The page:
In their most hopeful moments I have heard Sholes and Glidden assert (almost under their breaths,) that if their machine worked as they hoped, any one who lived for twenty years would see at least one if not more of the Type Writers in every city in the Union. Like a majority of inventors, these two men made immense fortunes for others, but themselves profited but little in a pecuniary way by reason of the invention. Today it is difficult to see how the world could get along without the machine. Then telegraphy was a new & hardly appreciated and but little used luxury, and the Telephone was in the womb of the future.

Short Hand Writers, as Stenographers were universally called; were scarcer than hens teeth, and the busy lawyer must take down in long hand all the witnesses said, and the Judge who tried cases must preserve all that was needed for the Bill of Exceptions, in his own hand writing, all of which involved an immense amount of labor, and writers cramp was a well known disease among the fraternity. There were no Dining or Sleeping Cars on the Rail Roads, and the little locomotives and cars, all heated with wood, and which were the boast of the country, would appear ridiculous to the modern traveller.

The first business trip I made from Milwaukee was to Postville in Minnesota, and instead of going to bed with Mr. Pullman, in our station, and waking up in Minnesota to fee his porter, and taking my well cooked and served breakfast in one of his palatial Dining Cars, before landing on the following day at my destination, as I might now do;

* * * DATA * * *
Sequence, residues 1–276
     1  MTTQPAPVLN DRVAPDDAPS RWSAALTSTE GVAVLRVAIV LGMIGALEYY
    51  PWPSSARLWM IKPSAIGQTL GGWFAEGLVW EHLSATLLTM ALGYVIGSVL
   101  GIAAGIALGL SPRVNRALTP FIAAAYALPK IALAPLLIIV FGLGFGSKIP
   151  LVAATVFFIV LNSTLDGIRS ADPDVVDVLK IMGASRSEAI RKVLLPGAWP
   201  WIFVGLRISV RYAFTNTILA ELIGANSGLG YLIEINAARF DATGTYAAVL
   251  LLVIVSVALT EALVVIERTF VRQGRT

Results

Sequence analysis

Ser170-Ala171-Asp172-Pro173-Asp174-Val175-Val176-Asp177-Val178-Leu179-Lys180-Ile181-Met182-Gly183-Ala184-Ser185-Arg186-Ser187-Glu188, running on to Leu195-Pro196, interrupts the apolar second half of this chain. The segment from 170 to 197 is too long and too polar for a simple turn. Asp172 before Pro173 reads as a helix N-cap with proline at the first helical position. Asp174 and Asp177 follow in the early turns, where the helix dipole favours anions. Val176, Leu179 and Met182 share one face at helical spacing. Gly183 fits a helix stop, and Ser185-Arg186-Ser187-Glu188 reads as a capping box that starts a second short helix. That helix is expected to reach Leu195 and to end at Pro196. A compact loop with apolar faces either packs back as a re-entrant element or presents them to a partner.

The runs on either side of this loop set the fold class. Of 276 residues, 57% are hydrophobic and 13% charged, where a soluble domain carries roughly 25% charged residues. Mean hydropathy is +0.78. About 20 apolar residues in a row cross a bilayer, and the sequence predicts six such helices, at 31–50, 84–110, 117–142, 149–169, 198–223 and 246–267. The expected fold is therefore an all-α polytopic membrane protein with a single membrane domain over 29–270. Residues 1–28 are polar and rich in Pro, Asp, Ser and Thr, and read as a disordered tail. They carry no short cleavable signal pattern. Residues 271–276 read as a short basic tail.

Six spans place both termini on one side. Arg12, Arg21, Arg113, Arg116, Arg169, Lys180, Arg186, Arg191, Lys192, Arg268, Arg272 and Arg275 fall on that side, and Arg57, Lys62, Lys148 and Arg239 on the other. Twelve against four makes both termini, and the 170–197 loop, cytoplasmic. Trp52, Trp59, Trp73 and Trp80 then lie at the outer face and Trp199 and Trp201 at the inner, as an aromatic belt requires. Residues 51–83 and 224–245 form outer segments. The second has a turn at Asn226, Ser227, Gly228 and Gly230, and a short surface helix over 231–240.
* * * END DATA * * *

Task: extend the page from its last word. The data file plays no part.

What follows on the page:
I went by rail via Chicago to Dubuque, and thence by steamer to Reeds Landing, on the Wisconsin side of the Mississippi River, and thence in a birch bark canoe, with one of "the noble red men of the forest, " to supply the motive power, across Lake Pepin, to a small hamlet in Minnesota, where I chartered a buck board and team, and drove through some of the loveliest country imaginable, to my destination; How near I came to missing my game that trip, nobody but myself and that Indian will ever know, but he had "steamed up" pretty well before starting, and about midway of the lake concluded that he required a rest, and his noonday nap, and despite my most earnest and heartfelt prayers and protestations, insisted upon wrapping the drapery of his couch around his manly form, and lying down to pleasant dreams, and from this nothing short of the promise of another dollar, and unlimited supplies of his own worst enemy, could arouse him.

We finally arrived in drenched clothes, and safety at the village, and upon my return a few days later I had the satisfaction of learning the "Chief One Eye, " had spent his illgotten funds before sobering up, and finally came to such senses as he was possessed of, in a small log cabin, familiarly known as "The Cooler. "